The Courier News from Blytheville, Arkansas on September 26, 1952 · Page 9
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The Courier News from Blytheville, Arkansas · Page 9

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Blytheville, Arkansas
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Friday, September 26, 1952
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Page 9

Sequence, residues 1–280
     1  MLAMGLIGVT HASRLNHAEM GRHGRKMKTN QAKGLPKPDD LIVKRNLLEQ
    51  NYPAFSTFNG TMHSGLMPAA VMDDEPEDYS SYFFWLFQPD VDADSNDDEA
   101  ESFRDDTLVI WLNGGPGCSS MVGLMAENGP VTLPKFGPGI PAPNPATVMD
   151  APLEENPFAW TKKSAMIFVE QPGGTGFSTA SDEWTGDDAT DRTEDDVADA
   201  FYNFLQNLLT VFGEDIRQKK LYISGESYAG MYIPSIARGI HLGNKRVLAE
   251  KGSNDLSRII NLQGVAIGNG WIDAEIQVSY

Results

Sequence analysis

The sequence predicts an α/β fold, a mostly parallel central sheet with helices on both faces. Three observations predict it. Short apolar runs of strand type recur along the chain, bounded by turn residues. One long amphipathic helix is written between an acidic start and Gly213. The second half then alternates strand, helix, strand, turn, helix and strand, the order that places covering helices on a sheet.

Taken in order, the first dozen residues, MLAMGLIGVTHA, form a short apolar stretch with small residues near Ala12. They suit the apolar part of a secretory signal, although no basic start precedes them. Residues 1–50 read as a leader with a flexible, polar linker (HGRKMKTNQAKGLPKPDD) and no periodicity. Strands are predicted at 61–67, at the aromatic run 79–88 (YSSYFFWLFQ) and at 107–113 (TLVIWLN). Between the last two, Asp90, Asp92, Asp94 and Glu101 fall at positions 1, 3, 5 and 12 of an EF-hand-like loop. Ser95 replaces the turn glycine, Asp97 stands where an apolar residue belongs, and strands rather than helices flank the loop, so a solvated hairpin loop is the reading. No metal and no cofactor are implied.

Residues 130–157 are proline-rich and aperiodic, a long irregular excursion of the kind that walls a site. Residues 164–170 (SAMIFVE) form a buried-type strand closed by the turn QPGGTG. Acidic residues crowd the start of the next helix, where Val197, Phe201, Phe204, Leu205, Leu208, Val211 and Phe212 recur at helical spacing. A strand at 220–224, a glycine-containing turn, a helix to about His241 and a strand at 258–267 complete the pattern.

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FRIDAY, SEPT,2«, 1952 J8LTTHEV1LLE (ARK.)" COURWR PAGE NINE FARM HEWS> ND REVIEW Rains Big Help To Beans, Grains In Delta Counties Large Wheat Acreage Predicted for South Mississippi County LITTLE ROCK — Rains in most counties In Arkansas' delta area have been helpful to pasture, soybeans. fall vegetables, and winter grains, county Extension agents told the State Crop Reporting Service Farm Folks Come Into Own At Arkansas Livestock Show earl\ Cotton and rice i Ry HAROLD HART LITTLE ROCK (/P>—It's that time of the year again when form folks —especially 4-H and FFA members —come into their own. The show window for cattle and swine — the Arkansas Livestock Show — starts Sept. 29 and continues through Oct. 4. Upwards of 1,000 head of cattle and swine will be exhibited by members .of the two farm organizations, says Secretary-Manager Clyde Byrd. Here's the program: Monday Is 4-H Club Day and parade; Tuesday is state wide school day; Wednesday is, Veterans Day; sday is East Arkansas Day; | ed by the, rains. L:\te corn was greatly benefited' I by the rains. W. F. Spivejv county agent lor pulnski county, saiti. Grain sorghums not already har- | vested for silage will be helped through hay crops will not. Large acreages in the county are being prepared for planting of small j grains. Some early planted oats will not germinate because of the ram, I he stated. . -i In Jetferson county considerable acreage of oats has been planted,! nnd County Agent Leo D. Wylle expects much more to be planted since L there. tfveral thousand acres of small [frains have been sown In Chlcot county and seedbeds are prepared for many more .according to Loyd | .E. Waters, county agent,. Prairie county's report from Randel K. Price, agent, indicated good yields being obtained from rice harvest; though throughout the rice area the crop \vas reported damaged somewhat from winds. Frank Ellis of south Arkansas county pointed out that farmers, are harvesting both !ong grain and medium grain varieties, with about 20 per cent of the harvest completed. Cotton turnout is above expectations in Lincoln county. dairy cattle and basic beef herds, go t to your county Production and Marketing Administration office. J. L, Wright, state head of the PMA. says orders (or hay under the Drought Emergency Program are being taken at the county offices. The program enables farmers to fixed price delivered H.D. CLUB MEMOS , " ** Mri. Gertrude B Holfma* (Horn* Demonstration Acent) Try Again There's still time for maturinc few leafy green or storage vegc- buy hay at „ f . . _ to mil points. Costs above the de- tables to help with the early winter Mvery price are paid from an allot- ] menu. Turnips, carrots, kale, let- by LV presidential inent provided emergency fund. Farmers of America Day. An El Doradoan will be honored on opening day when the million- dollar coliseum is dedicated to Col T. H. Barton. The colonel has fathered the livestock show since It began in 1933. There will be something extra this year for the youthful farmers. Byrd says the $5,000 grant made by John O. Cella, president of the Oaklawn Jockey Club. Hot Springs, and Mrs. Cella to Arkansas youths will be distributed. The money will be divided equaHy among 4-H and FFA groups in the form of scholarships and money to buy livestock, Byrd snys. The 4-H Club Day on Monday is a new special observance. It honors Arkansas' 92.000 4-H club members. And. about 3,000 of them are expected to attcnci on that day. Soybean producers hati better be prepared to store some of their crop this fall If prices should fall sharply during harvest. That was the advice this week j P ia from Clay R. Moore, extension mar- | tw ' keting specialist. Moore says there especially » is a possibility prices may sag be- supply in tin cause Arkansas producers will he harvesting a record 13.9 million bushels of soybeans this fall. The harvest periods for cotton, rice and soybeans come at the same time. Moore says, and there might be a serious shortage of boxcars to get the commodities to market. tucc, radishes and spinach are still on the list of vegetables that can be planted. If earlier fall plantings were not made or did not succeed, try again I suggest soaking the seeds for sev- era 1 hours or overnight before Needing Hay? If you need hay to maintain your planting. This h^elps seeds germinate or three days sooner.—And important if moisture soil is limited. Plans are on paper for the 1953 A°ric.iltural Conservation Program. And Wrichb says things will be a little different this year. The new approach, says Wright, is for community PMA committeemen to contact personally all farmers in their communities and work out a program of conservation practices for thtx. individual .farms. Experiments along those lines have been conducted already in Nevada and Drew counties, Wright says, and they have resulted Lack of soli moisture makes It doubly Smnortant to keep the garden plot free of weeds and tiller so as to retain any available moisture. Vegetables will be available foi several weeks if a cold frame o hot bed is used. Just before fros many of the storage vegetables such as turnips, carrots 'and Chi nese cabbage, can be lifted—root nnd all—and transplanted closcl 1 in a cold frame. There they wil be protected from the frost. With -the shortage of vegetable this summer you will want to UK every possible way to conserve mor for - late fall and winter, though most garden crops must be preserved in tin or glass, or frozen, others may be preserved in cellars, storage houses, pits, and mounds— in addition to the cold frame. Mono Freeman Wins Divorce LOS ANOEI,BS W)—Actress Mo- im Freeman, who played bobbysoxer roles long'lifter she become a mother, was granted a divorce yesterday from Pat Nerney nfUr' 6he testified her husband was so pos- ecssive he hurt her movie career. Nerney, 32, wealthy Hollywood auto dealer, "was critical of everything I did." Miss Freeman, 26, told Superior Judge Thurmond Ctarke. "He criticized our marriage, lie criticized the way I reared our daughter, During the last three yen'rs, he interfered with my career by refusing to let me go on loca- tion'or personal appearance unless Long-Distance House Hunting Done by UN .NEW YORK I/PI— A French member ot the United Nations staff stationed in Africa saw an advertisement of a new alr-conditiop.ed luxury apartment house In New York. \VritinB to Sol Atlas ,thc builder, from Asmara, Eritrea, the U.N. 01- ficfal said he expected to bring his family to New York by way of Japan. Rent scheduled and brochures were mailed to Tokyo, from where (he apartment was leased through negotiations halt way around the world. he could go along." she testified. The couple's daughter, Mona. 5, was awarded $15 monthly support. TIME OUT—You'd never think this Idyllic garden spot was anywhere near a bloody battleground, but it is. It's at Capitol Hill, Korea, where it affords a rest spot for ROK soldiers after their terrific battle to capture the strategic height. Note the peaceful duck, the spouting fountain, the soldier watching a bird In a homemade cage, while others relax on u homemade "park bench." Also the makeshift springboard in foreground. ' W. Schroeder, agent, said. Leaf- worms are giving some young cotton a ragged appearance. Leaf- worm Is also reported in south Mississippi county, through Tiot seri- ous according to D. V. Maloch. Lawrence county reports some cotton yielding a bale to the acre, though W. A. Anderson says average looks to be about a quarter of a bale. About 15.000 bales had been ginned in Lee county at the end of the Robert i week, will] the crop about one-third harvested, A large acreage of wheat Is expected to be p.lanted in south Mississippi county, with planting to start about the first ot October. farms in the state as a whole. addition big increase in" participation. The [ These methods are very successful old idea was to largely consider with such vegetables as beets, carrots, turnips, cabbage and Chinese cabbage. Working Together No. 9 Hotne Demonstration Club members have two interesting projects started. These projects are community improvement and child development. Since many of the club members SIDELIGHTS: Dr. J. O. Ware, a veteran cotton breeder and member of Arkansas' Agronomy Department, .says a 5- year study shows that deltapine is the state's leading cotton variety. . . southern blight disease attacked soybeans, tomatoes, peanuts and Make Your Drinks BEAM! :her crops In Arkansas thus past immer ... to bent the high cost r sport shirts for her college son, [rs. Van Mann of Hermitage says he made him 10 shirts for $1.60 ach. She says they would have cost $4.00 each on any store coun- . . . More than 100 agricultural enders are attending the second nnual Arkansas Forula Feed Con- erence today and tomorrow in Fayettevllle. Blue Baby' Observes Sixth Birthday ROCHESTER, N. T. W*l — Little Nicholas LaVilla Jr. recently celebrated his 6th birthday, a day his have small children and it is necessary to bring them to the meetings, the club decided to make syme provision for their Welfare. The members plan to meet soon to make toys for the children to play with while at the club and the mothers will take turns directing the children's play—one mother being in' charge at each meeting. This will be a part of their child development program that they have studied recently. Many of the mail box standards are down In the No. 9 community because of the new hard road that is being erected.* Because of this, mall box improvement has become their first community improvement project. Surveys are being made In Demos Send v Ham To Sen. Nixon WHITTIER. Calif. (.T|—Directors of the Whittier Democratic Club took a caustic view of the report to the people by their fellow townsman, Republican vice presidential nominee Richard M. Nixon. They announced last night that they are sending him a ham. Grunewald Again Appears Before Grand Jury NEW YORK Wi—A'grand Jnry probing tax frauds heard yesterday for the fifth time from Henry Grunewald, mystery man of the Influence investigations in Washington. Neither he nor the jury had any comment. He appears again next Thursday. Rend Courier News Classified Ads, USED COMBINES! Rave 1 money on your soybeans by threshing; your own wUh a Rood used combine from HAYS IMriJ'.MKN'T €O.! $395 $295 $150 $250 $75 —Terms Can Be Arranged— HAYS IMPLEMENT Co. TWO 1947 MODEL CASE A-G with motor, reconditioned and a terrific huy at this price. I THREE 1944 MODEL CASE A-G with motor, a good buy n.1 Hays Implement Co. . . . only .... ONE 1942 MODEL CASE A-G with motor, we invite you to come by and see this value ONE MASSEY-HARRIS Keady to go, with motor. Bargain priced! Only THREE ALLIS-CHALMERS VTO combines . . . Don't wait see these now nt HAYS! Biytheville, Ark. Phone 4898 the community now for the project. Working together on community projects Is valuable for the project completed but it is Just as important to encourage cooperation and make a more harmonious community In which to live. It's Time To— 1. Use a paste wax on window sills, door thresholds, around door handles. Waxed surfaces are easier to clean. 2.' Plow under old 'plant trash; it helps control plant diseases. , 3. clean out fence rows; It helps control plant diseases. doctors never expected him to see when he was born as & blue baby. I Now said -to be one of the oldest such children in the country, Nich- ' olas's main blood vessels arc lire- 1 trievably crossed. His lungs don't get enough oxygen to circulate to the rest of his body, giving him a bluish tinge. Dr. Richard Meltzer of Strong Memorial Hospital reports that Nicky's general condition Is improved this year. The child has been bedridden virtually since birth but now he spends about four hours a day In a kiddy car and in other physiotherapy exercises to learn to use hands and feet. Mother, Sort Get'Degrees CARBONDALE, III. (fl>) — Among those awarded bachelor degrees by Southern Illinois University recently were a mother and her son Braxton Williams, 26, said hi; mother, Mrs. Corrynne Williams, "worked hard' to finish with me." Braxton supported his wife and three children while earning his degree. His mother taught school at Salem, III. Read Courier News Classified Ads. In Cash Prizes! NATIONAL COTTON PICKING CONTEST OCTOBER 3, 1952 Biytheville, Mississippi County, Ark. World's Largest Cotton Producing County Contest Open to Anybody From Anywhere PRIZES! • Open Division: Let's get down to earth on this subject of commercial loans. A loan that is good for you is good for us. . . and it can be no other way. When your business requires additional funds, talk it over with us. lRST NATIONAL BANR *• BLYTHEVILLE First - - $1000.00 Second - - 250.00 Third - - - 100.00 5 Prizes of $50.00 Each 12 Prizes «f $25.00 Each Enter PRIZES! Women's Division: First $250.00 Second - - - 100.00 Third - - - 50.00 4 Prizes of $25.00 Each (Women are also eligible for Open Division Prizes.) Don't Now/ Wait/ accept this offer and SAVE! We wiil poy 1 your diesel fuel bill fill July 1, 1953 on any NEW OLIVER DIESEL TRACTOR bought from us. Would you'do it? There a Diesel Tractor for Ercry Farm Job? Yes, Oliver «iul trfy Olivet •II its M*4tls with DMtel P«w«* Clip This Entry Blank and Mail In! i HEREBY apply for permission to enter tha 13th ANNUAL WORLD'S CHAMPIONSHIP,COTTON PICKING CONTEST to be conducted at Biytheville, Arkansas, on October 3, 1952. I agree t« abide by the rul«i covering the contest. Name t.t.,.,.,.,.,.*.,.»*.,.,.1.,.,.!.,.,.,.,. St. or R.F.D. .„..«.,.,.,.,., I City . ,. M . M .,.v»,,,.,.,-,.x.«.,................ ' Date . ,.-.-....-.-.. , T.,., .. | (Entry Fee »f $10.00 Must Accompany This . Application.) National Cotton Picking Contest Biytheville, Arkansas SpmiaOFe*! by the BIythrvllle Jnnlor Chamber of Commerce The Oliver "66" (two plow), tb«"Tr" (two-three plow), lad th«"88" (three- four plow). Row cro» oc *tu4u4 models. WiH t *FV« fcy twyteff * Yes, but the unonnt depeod* «•» ••« much yo* «»• your tractor . ... *• more hours you work it, th« MOT* •• Oliver Diesel fcaves. It borne abo«t 6 gallons of fuel where a gasoline engin« 'bums 10... co6t-per-gallon is rashly half. Ask your Oliver dealer . . , IM knows the figures for yotir locality, Doe* ff hov« as imK* powwrf * Yes. Oliver Diesels have the i*m» horsepower rating as other Oliver* La their class. They burn fuel slowly, •tart easily in cold weather, takt teary loads hour af tar hour. ft fto power e* smooth? With an Oliver, yes. Oliver give* y*« smooth, six-cylinder performance ift the "77" and "88" ... four cylinder* Do I •*» c* *• Owvw Every onel Features Include: Sii forward speeds, Grouped controls, Direct Drive Power Take-Off, "Hydra-lectric" implement control, tasy-ridini. Oliver sect How c» I f»« * « WMM! b bwtf for me? See your Oliver dealer. He knows bow fuel costs compare . . . knowing bow much you work your tractor, be ea» tell yon whether the fuel savings m»k« the diesel your best buy. Remes»b«c, your Oliver dealer i* strictly impajlia ... he sells tractors for diesel, gasoline and LP-gas. His only interest ii to see that you get the very best power for your farm ofhention. S«« him sooat 1 OLIVER •'FINEST IW MUM FARMER'S IMPLEMENT Co. 515 E. Main Phone 8166